At the time of writing this post, Magento PWA Studio is not ready for production.  However they plan to have it ready for Magento v2.3, which is planned to be released in the third quarter of 2018.  However even then it’s hard to imagine it will include every feature currently supported by Magento’s current frontend.

So far the Venia theme reference theme has examples of product details and category pages. For instance, the Magento user account area, checkout and payment gateways are yet to be added.

Currently Magento’s API coverage needs to be extended to fully support a PWA solution.  In addition Magento’s GraphQL API is also still in development when it is released, with a planned release for Magento v2.3 also.

Alternatives to Magento's PWA Studio

There are some third party PWA solutions becoming available for Magento. While they are also in early stages, they have been in development for longer and already boast a much fuller feature set than Magento’s PWA Studio. It is important to note though, that none of these currently support every feature provided by Magento’s current frontend.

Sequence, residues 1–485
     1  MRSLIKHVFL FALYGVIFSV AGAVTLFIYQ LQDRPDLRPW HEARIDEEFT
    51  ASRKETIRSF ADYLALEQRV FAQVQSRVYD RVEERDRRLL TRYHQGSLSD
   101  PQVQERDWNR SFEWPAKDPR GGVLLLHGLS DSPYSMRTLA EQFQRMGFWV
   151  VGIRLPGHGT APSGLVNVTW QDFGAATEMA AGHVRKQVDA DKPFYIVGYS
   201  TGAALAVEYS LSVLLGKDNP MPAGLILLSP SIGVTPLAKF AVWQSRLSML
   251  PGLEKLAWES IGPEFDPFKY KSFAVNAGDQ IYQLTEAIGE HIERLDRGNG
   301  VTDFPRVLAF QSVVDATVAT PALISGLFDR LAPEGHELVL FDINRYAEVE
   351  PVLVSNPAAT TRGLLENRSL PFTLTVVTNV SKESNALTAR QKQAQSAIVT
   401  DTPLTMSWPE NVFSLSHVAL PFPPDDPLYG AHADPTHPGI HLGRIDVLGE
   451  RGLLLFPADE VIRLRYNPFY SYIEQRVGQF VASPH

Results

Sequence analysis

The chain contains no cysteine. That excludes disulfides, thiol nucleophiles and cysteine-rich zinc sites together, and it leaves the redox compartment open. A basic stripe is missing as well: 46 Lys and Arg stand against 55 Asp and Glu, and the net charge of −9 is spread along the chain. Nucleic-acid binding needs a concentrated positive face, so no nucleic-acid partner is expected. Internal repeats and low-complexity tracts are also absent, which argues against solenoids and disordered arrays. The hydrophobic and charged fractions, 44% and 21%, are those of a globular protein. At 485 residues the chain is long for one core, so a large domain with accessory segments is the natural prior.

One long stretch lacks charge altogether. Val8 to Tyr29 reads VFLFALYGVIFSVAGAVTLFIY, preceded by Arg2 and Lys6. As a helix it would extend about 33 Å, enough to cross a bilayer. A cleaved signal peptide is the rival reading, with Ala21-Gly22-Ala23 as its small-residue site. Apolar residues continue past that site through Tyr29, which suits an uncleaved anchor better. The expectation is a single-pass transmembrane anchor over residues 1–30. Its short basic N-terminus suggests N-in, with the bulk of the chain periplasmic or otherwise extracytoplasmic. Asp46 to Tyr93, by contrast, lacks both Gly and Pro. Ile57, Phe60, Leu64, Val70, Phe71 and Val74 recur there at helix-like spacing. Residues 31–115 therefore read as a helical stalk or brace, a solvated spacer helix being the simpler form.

Also none of the solutions below currently include a way for Magento extensions to be injected into the PWA, as is possible with the magento-layout-loader provided by the PWA Buildpack.


Similar to PWA Studio, in that it is also based on React.  However rather than a headless architecture, Deity has a microservices architecture provided with it’s own Node.js middleware. At the time of writing they support two payment methods, PayPal and credit card payment via Adyen, an internationally operating Dutch payment service provider.